Scott A. Edmonds, OD, FAAO, focuses his blog on the role of the optometrist in health care reform – moving from primary eye care to primary health care. He is the chief medical officer of MARCH Vision Care, the co-director of the Low Vision/Contact Lens Service at Wills Eye Institute in Philadelphia and a member of the Primary Care Optometry News Editorial Board. 

Disclosure: Edmonds is a consultant for March Vision.

Prescribing medication in the climate of health care reform

Many of my family members are health care providers. Seven, soon to be eight, are optometrists, but there are also a few physicians and a new speech pathologist in the fold. As you can imagine, dinner table discussions often center around health care issues. With the recent Thanksgiving family holiday, a number of issues were discussed that are worth noting.

First is a story from my physician brother who, as a young doctor, wanted to do some charity work in a medically underserved country. He went off to India for a month and was sent to a rural clinic to provide free primary medical care. He came home rather dejected because he learned that you cannot treat poor people with free medicine if they step right out of your clinic and sell the medicine to buy food for their family.

The second discussion was led by my oldest optometrist son who was taught that a new doctor should always prescribe the latest and greatest of ophthalmic drugs. He had written for a few of these new designer drugs and then scheduled the patients for a 1-month follow-up. He was stunned to learn that his patients did not fill his prescription because the drugs were just too expensive. They also did not call the office to discuss the issue, but rather just went untreated.

These stories serve to support one of my pet peeves with my optometry colleagues. I have always been a champion of using the tried-and-true ophthalmic medications rather than testing out every new medicine that comes down the road. Unless the drug is in a new class or provides some unique and measurable advantage, I use the traditional medicines.

At a recent meeting of optometrists, I conducted an informal poll regarding the use of two certain popular drugs that are heavily marketed to optometrists but when closely scrutinized are tested to be only “as effective as” the long-standing “gold standard” drug in their class. These drugs also happen to be almost 10 times the cost of the traditional drug that is even available in generic form. The poll showed that more than 90% of the doctors I surveyed routinely prescribed the new drug. When asked why, most said that that the pharmacological representative had told them that it was “better” and that all of the big-name docs were using the new drugs. Of course, their friendly representative also brought donuts, and that certainly did not hurt the cause.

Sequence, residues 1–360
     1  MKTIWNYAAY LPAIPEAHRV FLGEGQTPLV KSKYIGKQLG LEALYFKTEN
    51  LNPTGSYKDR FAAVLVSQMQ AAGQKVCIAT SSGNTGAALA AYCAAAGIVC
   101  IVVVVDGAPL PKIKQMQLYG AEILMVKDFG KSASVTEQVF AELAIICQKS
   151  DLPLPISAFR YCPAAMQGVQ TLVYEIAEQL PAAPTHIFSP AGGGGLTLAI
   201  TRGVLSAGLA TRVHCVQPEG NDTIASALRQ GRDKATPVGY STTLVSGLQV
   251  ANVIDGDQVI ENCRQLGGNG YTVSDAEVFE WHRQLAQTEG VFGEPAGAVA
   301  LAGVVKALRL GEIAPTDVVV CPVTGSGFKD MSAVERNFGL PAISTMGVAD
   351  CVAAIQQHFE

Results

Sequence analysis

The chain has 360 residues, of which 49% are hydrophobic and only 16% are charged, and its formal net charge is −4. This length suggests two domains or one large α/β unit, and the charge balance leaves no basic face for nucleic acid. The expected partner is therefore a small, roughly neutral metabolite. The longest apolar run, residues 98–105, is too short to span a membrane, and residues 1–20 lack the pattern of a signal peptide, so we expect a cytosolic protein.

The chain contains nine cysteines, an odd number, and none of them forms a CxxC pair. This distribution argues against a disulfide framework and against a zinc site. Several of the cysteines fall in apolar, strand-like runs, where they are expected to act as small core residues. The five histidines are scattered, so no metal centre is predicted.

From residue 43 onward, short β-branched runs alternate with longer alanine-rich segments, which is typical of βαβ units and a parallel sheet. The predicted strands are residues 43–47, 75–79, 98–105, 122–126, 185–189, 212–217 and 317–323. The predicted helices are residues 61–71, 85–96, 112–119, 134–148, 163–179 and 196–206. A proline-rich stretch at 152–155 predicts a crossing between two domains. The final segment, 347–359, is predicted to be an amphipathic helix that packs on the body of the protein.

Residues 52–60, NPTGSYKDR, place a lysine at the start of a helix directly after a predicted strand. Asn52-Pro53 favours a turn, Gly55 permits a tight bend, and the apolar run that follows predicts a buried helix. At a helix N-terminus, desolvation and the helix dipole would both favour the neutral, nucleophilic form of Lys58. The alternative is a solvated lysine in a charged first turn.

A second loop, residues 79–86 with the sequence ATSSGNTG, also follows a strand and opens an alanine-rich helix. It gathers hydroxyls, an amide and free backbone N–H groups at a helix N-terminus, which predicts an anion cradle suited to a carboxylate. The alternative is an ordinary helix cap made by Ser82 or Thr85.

In this era of health care reform, patients are sensitive to all costs relating to health care. Optometrists should pay close attention to each patient’s health care coverage and try to work within the plan’s established clinical guidelines. This would include a review of the health plan’s drug formulary and prescribing accordingly whenever clinically appropriate. Patients who do not have a drug plan are even more sensitive to the cost of their medications. Patients will need a compelling reason to use a more expensive medicine if a lesser-cost alternative is available.

My last tale really drove this point home to me. I was treating a patient with mild chronic allergic conjunctivitis. I had tried several options and finally found one that resolved the problem. After a month, I got a call from the patient asking for a renewal for the previous medication that had been less effective. When I called back to see if a problem had evolved with the more effective drug, the response came as a bit of a surprise, even to me. The patient said, “I really liked that new drug, and it sure solved the problem, but it is so much more expensive that I can stand a little bit of the irritation that I had with the other drug.”